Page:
Before Kylian Mbappé and Ousmane Dembélé, there was Kingsley Coman.
A Paris Saint-Germain academy graduate, the fleet-footed flyer made headlines when it was revealed he’d chosen to run down his contract in the French capital and move to Juventus ahead of the 2014/15 season. It was a move not too dissimilar to that of Paul Pogba’s two years earlier.
For those who had watched Coman closely, this was considered a coup for the Turin giants. He had it all. Explosively quick with the ball sticking to his feet no matter where he was on the pitch, he could beat opponents on both the outside and the inside and, perhaps most importantly, he was a serious goal threat.
He was still very raw and this was evident with just how wasteful he could be in possession. But the ability was there, it just needed to be harnessed properly.
Coman was used sporadically during his first campaign in Serie A and made 14 appearances in total. Not content with this, the Frenchman pushed for another move, this time to Bayern Munich on an initial loan.
Playing under Pep Guardiola was evidently a selling point. In Bavaria, Coman looked right at home. The youngster was being used from the start and he was delivering in the form of goals.
As the season progressed, his influence on the team increased. In March 2016, he grabbed three assists in a single match. In the very same week, he came off the bench to in a Champions League game against parent club Juventus. He proceeded to score and assist as Bayern claimed a 6-4 aggregate victory.
Unsurprisingly, the German club made his move permanent and paid €21million.
However, since then, Coman has struggled. He’s struggled for fitness, suffering multiple injuries, and he’s struggled for form under the different managers hired by Bayern.
During the 2017/18 campaign, he revealed former boss Guardiola understood him. He told France Football: “I was perhaps in a position that suited me a bit better [under Guardiola]. I had fewer injuries too. I played more on the wing, and the coach asked me to take people on. That’s what I do best, it’s the essence of my game.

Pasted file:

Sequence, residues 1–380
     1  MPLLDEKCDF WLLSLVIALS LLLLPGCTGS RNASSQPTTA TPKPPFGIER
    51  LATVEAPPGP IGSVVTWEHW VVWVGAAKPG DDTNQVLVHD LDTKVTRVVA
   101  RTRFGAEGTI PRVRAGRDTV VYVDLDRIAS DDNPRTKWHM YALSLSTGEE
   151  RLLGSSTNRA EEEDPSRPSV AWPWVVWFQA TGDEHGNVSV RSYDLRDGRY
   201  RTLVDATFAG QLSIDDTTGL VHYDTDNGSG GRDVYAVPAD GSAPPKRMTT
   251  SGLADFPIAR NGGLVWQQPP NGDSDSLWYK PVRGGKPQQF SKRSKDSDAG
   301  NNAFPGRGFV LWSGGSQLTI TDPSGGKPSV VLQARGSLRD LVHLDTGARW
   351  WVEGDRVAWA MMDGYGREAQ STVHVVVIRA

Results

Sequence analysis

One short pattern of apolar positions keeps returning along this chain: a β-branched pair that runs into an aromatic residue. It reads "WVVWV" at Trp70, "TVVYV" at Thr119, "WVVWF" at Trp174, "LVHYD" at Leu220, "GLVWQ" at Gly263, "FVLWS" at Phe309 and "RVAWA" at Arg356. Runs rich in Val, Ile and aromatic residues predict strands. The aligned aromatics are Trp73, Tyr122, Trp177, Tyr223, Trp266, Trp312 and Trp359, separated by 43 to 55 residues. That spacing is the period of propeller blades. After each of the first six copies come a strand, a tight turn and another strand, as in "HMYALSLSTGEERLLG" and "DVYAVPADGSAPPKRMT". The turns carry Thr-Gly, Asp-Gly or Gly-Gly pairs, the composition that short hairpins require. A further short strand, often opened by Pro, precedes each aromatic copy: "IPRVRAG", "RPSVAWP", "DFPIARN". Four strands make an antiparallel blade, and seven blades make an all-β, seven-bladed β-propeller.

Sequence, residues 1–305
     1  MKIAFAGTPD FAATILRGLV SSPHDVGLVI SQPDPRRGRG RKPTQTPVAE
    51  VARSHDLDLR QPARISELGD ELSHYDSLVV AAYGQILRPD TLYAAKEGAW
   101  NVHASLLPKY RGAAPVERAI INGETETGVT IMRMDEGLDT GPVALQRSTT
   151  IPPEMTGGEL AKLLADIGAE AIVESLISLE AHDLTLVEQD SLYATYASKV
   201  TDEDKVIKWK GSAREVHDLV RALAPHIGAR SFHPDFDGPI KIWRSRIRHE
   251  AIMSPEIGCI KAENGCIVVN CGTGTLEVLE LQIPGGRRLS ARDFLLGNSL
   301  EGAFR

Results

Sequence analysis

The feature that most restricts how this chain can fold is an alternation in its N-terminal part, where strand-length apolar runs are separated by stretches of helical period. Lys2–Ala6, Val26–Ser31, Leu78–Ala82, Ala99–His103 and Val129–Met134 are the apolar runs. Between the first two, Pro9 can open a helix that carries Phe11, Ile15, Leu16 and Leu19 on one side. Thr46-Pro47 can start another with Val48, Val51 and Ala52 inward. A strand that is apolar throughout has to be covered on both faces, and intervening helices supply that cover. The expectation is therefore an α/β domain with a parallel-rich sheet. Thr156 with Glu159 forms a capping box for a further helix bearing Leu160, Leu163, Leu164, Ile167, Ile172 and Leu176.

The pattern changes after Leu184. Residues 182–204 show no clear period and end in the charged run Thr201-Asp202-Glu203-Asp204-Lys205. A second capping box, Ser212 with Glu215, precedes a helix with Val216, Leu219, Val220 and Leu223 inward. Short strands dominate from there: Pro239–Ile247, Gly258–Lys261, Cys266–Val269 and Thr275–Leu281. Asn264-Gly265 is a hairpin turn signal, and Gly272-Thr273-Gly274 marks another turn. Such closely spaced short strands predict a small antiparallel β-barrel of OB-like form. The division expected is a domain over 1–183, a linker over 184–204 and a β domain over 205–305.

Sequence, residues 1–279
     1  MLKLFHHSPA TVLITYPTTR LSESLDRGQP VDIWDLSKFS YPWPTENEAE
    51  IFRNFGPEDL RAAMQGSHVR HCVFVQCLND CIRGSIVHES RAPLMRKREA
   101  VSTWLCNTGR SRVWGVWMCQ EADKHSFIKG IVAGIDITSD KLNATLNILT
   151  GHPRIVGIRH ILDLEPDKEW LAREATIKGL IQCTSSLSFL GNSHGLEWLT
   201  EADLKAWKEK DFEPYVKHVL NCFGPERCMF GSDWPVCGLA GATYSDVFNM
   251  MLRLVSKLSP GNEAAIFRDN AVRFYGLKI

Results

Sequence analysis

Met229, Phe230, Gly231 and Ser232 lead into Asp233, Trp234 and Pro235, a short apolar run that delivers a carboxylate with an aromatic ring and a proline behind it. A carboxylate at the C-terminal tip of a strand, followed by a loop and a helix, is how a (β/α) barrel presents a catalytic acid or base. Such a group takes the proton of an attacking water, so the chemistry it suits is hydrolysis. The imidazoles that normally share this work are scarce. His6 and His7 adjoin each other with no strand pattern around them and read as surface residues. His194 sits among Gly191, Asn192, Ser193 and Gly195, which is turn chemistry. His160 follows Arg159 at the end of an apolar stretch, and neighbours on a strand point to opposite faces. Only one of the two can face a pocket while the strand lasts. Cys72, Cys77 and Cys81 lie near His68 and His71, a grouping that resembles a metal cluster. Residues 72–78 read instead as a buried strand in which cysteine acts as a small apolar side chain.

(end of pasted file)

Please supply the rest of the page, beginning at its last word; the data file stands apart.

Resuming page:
“This season [under Ancelotti], it’s a bit different, but a good player must be able to adapt to instructions and respect the choices of his coach.”
If reports are to be believed, Guardiola wants to be reunited with the Frenchman, with Manchester City in the market for a Leroy Sané replacement. The German winger is a transfer target for Bayern, plans which would see him bench Coman.
The two do share similarities but the one big difference is the fact Sané is a traditional winger who sticks to the byline on his stronger side while Coman prefers the left side so he’s able to cut in on his right foot.
Finding a like for like replacement for the former Schalke man would’ve been near impossible with old-school wingers now nearing extinction. It’s wise on City’s part to diversify.
In Coman, they’d be signing a player who is just as unpredictable when in possession. A player who is just as direct and just as devastating during transitions.
So far this season, his 0.4 expected goals per 90 is a higher average than the one posted by Sané during the 2018/19 campaign (0.37). His 0.12 assists per 90, meanwhile, is more down to his team-mates finishing than it is to do with him as a creator.
The 23-year-old is a goal threat, too, with an expected goals average of close to 0.30 – exactly what Sané managed last term. Coman attempts more dribbles and completes a higher percentage of them, and this while playing in a side currently underperforming in the eyes of many.
Under Guardiola, Coman could be truly sensational. He could deliver on his early career potential and finally rival Mbappé and Dembélé for the crown of France’s greatest entertainer, just as many had expected when the trio emerged one season after the other.